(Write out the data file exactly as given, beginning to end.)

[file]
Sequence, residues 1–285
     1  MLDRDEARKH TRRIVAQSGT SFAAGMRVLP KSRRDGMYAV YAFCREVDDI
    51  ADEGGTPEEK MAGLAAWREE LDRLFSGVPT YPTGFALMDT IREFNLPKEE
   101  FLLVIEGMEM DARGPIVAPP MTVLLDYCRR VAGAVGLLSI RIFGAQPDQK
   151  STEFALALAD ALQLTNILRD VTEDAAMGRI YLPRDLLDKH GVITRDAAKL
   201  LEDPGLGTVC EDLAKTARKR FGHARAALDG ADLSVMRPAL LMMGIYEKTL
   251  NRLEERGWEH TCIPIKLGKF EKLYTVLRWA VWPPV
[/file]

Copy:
Sequence, residues 1–285
     1  MLDRDEARKH TRRIVAQSGT SFAAGMRVLP KSRRDGMYAV YAFCREVDDI
    51  ADEGGTPEEK MAGLAAWREE LDRLFSGVPT YPTGFALMDT IREFNLPKEE
   101  FLLVIEGMEM DARGPIVAPP MTVLLDYCRR VAGAVGLLSI RIFGAQPDQK
   151  STEFALALAD ALQLTNILRD VTEDAAMGRI YLPRDLLDKH GVITRDAAKL
   201  LEDPGLGTVC EDLAKTARKR FGHARAALDG ADLSVMRPAL LMMGIYEKTL
   251  NRLEERGWEH TCIPIKLGKF EKLYTVLRWA VWPPV